The last time I camped in this area was back in 1997. Out on the flat plain here with my sleeping bag on the dirt and grass, I marveled at the blue white stripe of the Hale Bopp comet that was unbelievably bright against the Milky Way. That comet was so bright It was as if someone took a silvery blue paint brush to a black canvas. I often had a transistor radio with me back in those days. I was listening to some country music when a news flash came on after midnight that told of how 39 people, members of the “Heaven’s Gate” UFO cult, had committed suicide in San Diego, believing that they would be released from their body shells so they could join the UFO they thought was trailing the comet. Gave me something unpleasant to think about out there in the dark, alone on the plain.
That unsettling memory made me think of another tragic event that occurred out here along Government Creek, likely not far from where I was now camped. Back in 1863 this area was being hotly contested. The Goshute and other Indians were making war against the Whites because the Stage Stations had been established on the best water and foraging grounds. These were areas the Indians had depended on for their very survival for generations. The scant resources places like Simpson Springs provided were minimal but they were the only thing the nomadic Indians could depend on.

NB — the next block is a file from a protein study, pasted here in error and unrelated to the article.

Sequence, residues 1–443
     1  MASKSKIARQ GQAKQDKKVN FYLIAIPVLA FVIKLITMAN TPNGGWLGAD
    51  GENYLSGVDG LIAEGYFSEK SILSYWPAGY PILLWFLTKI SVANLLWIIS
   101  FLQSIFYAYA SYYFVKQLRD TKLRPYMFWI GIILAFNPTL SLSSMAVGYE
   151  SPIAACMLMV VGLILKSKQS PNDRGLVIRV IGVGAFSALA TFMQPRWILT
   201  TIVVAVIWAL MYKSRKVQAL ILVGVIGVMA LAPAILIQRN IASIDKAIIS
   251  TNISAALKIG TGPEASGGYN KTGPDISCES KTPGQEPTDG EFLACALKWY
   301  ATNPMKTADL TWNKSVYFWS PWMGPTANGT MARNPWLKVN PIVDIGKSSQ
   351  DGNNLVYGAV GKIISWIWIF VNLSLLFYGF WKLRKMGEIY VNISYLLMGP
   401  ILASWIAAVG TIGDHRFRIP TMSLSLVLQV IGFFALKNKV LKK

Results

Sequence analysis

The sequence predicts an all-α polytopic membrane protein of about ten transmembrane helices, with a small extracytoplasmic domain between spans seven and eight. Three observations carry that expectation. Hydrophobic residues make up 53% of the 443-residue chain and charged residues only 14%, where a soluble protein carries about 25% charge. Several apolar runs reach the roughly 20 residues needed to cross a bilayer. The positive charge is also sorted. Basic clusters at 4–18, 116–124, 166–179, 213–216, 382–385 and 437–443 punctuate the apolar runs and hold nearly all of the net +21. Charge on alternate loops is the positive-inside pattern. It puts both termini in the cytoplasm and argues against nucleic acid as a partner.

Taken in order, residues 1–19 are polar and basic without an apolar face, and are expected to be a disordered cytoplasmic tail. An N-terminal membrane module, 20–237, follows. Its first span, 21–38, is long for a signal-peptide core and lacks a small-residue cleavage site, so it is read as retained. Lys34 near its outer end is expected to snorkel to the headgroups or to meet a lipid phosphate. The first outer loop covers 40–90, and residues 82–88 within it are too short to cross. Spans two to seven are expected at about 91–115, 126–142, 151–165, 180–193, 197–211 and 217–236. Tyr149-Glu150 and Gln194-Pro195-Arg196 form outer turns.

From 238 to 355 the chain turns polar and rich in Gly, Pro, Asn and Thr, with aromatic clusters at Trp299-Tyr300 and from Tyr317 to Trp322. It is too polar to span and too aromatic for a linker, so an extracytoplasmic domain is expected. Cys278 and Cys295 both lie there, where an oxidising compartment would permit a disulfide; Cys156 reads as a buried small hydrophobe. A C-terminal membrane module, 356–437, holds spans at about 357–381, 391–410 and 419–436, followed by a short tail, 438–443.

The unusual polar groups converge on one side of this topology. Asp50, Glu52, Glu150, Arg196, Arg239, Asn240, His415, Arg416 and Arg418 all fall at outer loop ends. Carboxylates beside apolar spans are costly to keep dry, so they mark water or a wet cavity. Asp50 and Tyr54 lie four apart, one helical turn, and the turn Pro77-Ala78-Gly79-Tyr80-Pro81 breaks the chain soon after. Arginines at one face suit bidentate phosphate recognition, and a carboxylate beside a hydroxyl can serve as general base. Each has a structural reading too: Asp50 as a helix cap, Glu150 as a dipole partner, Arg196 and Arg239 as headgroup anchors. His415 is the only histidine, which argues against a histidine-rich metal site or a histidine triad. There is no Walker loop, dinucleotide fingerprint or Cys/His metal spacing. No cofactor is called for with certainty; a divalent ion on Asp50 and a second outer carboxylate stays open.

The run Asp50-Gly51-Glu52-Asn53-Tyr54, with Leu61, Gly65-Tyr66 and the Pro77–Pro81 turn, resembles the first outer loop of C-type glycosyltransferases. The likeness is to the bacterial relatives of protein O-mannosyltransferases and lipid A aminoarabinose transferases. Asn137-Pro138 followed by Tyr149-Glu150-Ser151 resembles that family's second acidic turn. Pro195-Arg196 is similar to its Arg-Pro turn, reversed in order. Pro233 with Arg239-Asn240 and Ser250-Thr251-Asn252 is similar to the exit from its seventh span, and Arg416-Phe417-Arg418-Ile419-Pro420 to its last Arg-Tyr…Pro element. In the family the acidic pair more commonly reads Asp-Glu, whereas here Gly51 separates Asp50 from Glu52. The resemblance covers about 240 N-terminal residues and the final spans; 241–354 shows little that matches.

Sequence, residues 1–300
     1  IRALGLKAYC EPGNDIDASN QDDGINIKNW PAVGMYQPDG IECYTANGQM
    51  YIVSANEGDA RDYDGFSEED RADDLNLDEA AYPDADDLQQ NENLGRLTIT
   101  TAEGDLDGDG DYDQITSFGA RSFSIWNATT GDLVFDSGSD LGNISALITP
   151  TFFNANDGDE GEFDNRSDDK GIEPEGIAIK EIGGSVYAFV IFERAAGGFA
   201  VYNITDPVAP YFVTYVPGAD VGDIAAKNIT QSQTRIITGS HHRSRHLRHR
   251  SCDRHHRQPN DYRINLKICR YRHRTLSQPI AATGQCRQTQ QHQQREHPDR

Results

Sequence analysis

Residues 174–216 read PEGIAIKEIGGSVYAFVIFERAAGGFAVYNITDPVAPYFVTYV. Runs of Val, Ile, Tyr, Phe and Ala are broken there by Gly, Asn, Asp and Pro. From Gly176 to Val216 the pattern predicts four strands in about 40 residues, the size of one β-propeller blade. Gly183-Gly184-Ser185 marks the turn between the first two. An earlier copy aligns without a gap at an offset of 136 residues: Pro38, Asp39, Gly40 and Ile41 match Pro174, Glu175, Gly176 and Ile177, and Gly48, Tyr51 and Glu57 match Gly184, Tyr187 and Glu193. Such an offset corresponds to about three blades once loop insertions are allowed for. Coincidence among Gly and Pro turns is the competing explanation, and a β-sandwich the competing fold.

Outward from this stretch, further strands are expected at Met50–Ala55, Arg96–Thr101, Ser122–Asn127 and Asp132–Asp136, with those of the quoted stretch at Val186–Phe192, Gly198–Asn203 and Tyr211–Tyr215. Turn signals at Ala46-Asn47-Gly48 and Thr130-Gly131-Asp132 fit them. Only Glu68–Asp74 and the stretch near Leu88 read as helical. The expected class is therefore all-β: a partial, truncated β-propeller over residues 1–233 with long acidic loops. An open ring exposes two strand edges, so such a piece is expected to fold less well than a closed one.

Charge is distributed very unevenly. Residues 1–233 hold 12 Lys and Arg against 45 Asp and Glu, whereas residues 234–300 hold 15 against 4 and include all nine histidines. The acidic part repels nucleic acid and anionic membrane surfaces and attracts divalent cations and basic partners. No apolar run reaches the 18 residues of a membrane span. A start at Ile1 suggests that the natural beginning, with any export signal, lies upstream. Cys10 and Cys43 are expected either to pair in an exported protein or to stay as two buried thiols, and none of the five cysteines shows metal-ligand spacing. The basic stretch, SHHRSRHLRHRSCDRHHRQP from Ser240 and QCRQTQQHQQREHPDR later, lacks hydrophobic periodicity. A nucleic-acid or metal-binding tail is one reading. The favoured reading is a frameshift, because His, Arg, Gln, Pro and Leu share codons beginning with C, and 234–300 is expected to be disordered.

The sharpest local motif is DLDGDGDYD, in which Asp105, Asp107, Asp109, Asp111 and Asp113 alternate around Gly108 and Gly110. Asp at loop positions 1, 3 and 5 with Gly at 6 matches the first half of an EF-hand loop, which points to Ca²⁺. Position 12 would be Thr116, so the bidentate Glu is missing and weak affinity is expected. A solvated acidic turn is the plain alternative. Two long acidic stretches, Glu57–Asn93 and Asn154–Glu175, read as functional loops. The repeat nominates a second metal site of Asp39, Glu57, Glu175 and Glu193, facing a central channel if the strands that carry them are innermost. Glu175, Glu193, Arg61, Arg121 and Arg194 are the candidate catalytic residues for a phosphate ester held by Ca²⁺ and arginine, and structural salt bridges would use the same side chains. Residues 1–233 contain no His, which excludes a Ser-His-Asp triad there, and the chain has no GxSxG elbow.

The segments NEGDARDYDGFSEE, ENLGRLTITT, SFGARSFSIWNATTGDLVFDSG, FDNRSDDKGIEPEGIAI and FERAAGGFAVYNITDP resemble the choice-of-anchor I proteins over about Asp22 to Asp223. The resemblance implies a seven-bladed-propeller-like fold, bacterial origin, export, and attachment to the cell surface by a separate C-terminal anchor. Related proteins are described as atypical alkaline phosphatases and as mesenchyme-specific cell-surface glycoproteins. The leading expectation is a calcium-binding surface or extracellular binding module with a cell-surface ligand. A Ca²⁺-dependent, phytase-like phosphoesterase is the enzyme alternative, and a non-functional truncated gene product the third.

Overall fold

After several confrontations that nearly ground the Overland Stage to a halt, Colonel Patrick Edward Connor, who had his hands full with the Mormons, dispatched one of his most trusted and ruthless officers to head out west and settle the Indian problem once and for all. Captain Samuel P. Smith and his Company K of Cavalry set out from Fort Douglas and laid waste to any and all Indians he could find between Salt Lake City and Ruby Valley in what is now Nevada. This was a brutal war of extermination where no prisoners were taken.
June 10, 1863 found Capt. Smith and Company K camped on Government Creek in the southern end of Skull Valley below the Indian Peaks. Company K operated out of this encampment for about 30 days while searching for Indians along the Overland Trail in this area and this is likely where the name “Government Creek” comes from. On June 20, Capt. Smith and his men found a group of Indians camped in the Cedars near this place. Capt. Smith ordered his men to surround the camp of friendly Goshute Indians and at his signal they were all slaughtered except for one woman. Smith claimed that an Overland horse was found in their possession as an excuse to open fire.